Uchisar which is in the Cappadocia region. In December of last year, I returned to this village for the second time and realized that on my first visit, I had missed so much. I need to write a follow up post because the first article only briefly touches on how wonderful this place is.


Looking out at the city of Urfa from the castle. We stayed in the old town of which I loved the Arabic influenced architecture and décor.


The Greek Island of Meis which can be reached on the day ferry from Kas. This is where I met Kostos the Greek and had an exciting adventure into the Blue cave.


If you want to see photographs that have not been tilt shift manipulated, Zoover has a wonderful collection and albums dedicated to photos of Turkey. They also have 21 videos so grab a cup of coffee and sit back.

Readers Question : Which photo is your favorite?

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Hi. My name is Natalie Sayin and I am the author of The Turkish Travel Blog. I am an Internet addict with a passion for history. Read my story here or leave a comment below to join the discussions.
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  1. says

    I love this effect. It makes the gorgeous architecture really stand out!

    • Nat says

      Thanks Liyana. They are a different method and some people like them, some don’t.

  2. Jeremy says

    Wonderful post and fantastic photos! You’ve jointly inspired me to use he tilt-shift function on my camera more, as well as reminding me I need to go to the Black Sea.

    I also have some tilt-shifted photos from Amasya at bendedbrains.com/fairy-tale-Amasya

    • Nat says

      Now you have made me jealous by telling me you have tilt shift on your camera!

  3. says

    Fun, fun, fun! The effect leaves me thinking I’m looking at incredible miniatures – maquettes as they sometimes use in the architecture or film industries.

    Gorgeous scenery – I’d be pressed to get up and get going each morning with views like these.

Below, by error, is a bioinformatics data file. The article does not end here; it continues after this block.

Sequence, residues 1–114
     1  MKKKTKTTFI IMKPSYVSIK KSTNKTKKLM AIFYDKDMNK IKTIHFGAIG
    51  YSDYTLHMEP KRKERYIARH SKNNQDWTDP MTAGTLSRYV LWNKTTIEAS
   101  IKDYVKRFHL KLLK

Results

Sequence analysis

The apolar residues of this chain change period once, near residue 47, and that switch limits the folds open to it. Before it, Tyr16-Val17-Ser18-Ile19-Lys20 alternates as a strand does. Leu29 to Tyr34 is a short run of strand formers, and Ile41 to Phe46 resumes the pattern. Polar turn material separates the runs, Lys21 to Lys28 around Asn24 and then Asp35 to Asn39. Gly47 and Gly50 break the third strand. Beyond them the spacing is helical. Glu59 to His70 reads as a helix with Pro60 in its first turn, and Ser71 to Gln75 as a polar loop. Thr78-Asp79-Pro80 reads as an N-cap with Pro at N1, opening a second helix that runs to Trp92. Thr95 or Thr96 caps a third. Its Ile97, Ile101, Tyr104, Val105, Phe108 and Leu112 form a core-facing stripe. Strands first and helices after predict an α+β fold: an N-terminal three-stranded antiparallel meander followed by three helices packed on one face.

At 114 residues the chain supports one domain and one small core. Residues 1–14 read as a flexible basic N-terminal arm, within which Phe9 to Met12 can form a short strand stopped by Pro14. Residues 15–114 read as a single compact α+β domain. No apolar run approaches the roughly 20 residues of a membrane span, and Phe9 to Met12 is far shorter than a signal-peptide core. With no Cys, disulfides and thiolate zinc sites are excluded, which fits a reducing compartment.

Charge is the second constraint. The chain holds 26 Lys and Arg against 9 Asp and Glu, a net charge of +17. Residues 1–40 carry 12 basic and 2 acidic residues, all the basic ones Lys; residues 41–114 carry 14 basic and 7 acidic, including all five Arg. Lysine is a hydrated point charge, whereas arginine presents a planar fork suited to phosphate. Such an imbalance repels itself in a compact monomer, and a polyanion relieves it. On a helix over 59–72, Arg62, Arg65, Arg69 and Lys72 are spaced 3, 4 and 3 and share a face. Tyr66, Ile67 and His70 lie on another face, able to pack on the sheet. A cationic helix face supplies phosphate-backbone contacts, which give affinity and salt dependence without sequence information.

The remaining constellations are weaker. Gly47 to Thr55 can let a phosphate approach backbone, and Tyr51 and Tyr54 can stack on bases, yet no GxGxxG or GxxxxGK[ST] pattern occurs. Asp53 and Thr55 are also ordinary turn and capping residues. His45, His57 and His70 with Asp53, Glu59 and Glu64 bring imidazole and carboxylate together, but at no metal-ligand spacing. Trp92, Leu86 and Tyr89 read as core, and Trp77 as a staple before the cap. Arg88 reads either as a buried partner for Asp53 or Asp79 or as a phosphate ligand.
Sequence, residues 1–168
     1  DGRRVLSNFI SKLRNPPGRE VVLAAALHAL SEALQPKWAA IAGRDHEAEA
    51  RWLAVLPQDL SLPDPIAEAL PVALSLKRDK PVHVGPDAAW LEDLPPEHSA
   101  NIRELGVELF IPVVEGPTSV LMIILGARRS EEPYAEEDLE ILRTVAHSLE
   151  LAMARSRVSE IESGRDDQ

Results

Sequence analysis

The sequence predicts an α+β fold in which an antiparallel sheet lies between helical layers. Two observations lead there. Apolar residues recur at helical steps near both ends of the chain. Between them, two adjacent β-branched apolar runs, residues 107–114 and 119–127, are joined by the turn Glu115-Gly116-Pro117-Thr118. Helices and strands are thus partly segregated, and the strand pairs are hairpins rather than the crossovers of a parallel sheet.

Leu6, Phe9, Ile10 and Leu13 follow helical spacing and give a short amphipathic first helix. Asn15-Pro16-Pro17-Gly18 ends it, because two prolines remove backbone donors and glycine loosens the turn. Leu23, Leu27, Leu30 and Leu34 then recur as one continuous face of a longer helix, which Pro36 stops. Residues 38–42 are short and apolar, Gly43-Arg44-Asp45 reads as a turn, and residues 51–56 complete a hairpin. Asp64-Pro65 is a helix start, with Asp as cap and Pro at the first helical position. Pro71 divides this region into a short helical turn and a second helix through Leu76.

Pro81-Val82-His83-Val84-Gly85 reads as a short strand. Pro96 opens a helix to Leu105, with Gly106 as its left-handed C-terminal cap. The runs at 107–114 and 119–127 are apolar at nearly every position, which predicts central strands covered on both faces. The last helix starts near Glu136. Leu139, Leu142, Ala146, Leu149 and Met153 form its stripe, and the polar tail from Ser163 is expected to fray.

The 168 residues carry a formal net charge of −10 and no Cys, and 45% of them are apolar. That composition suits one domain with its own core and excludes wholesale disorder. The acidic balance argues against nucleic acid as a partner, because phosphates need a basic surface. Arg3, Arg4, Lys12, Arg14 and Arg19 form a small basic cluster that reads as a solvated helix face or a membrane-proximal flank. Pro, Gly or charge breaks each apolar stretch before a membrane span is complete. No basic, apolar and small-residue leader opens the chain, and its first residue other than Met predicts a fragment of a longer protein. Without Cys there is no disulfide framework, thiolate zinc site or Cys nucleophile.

Maria wrote about..Your Breath at My Ear

    • says

      There are some incredible views around Turkey and sometimes this miniature effect works on them, sometimes it doesn’t. Either way, I look forward to getting up each morning!
      Natalie wrote about..A Gorgeous Cave Hotel in Cappadocia

  4. says

    I absolutely love these! So cute and inspiring.
    Now I am curious to see if my camera can do this.

  5. says

    I’m not always a fan of major photo manipulations, but I do sometimes like tilt shift photography because of how it plays tricks with the perspective. I really like the one with the cows and the one in Istanbul from Galata Tower.
    Ali wrote about..How to Pick Carry-on Only Luggage

  6. says

    What a fun way to see the Turkish landscape and buildings! I’m not familiar with this technique so really enjoyed that you shared this. Keep it up! The view from Kars Castle esp. looks like you’re looking on a model village.
    Joy @My Turkish Joys wrote about..For the Love of Turkish Kaymak

  7. says

    Ohhhhh I love this! After 15 years editing magazines and three having a blog, I am just now focusing on experimenting with my own photography. So, now, I am a bit obsessed… Love these photos.
    Abby wrote about..Happy Chinese New Year — it’s my year!

  8. Kerri says

    As a photography novice, I’ve never heard of or seen this effect before – it’s awesome! Good job :)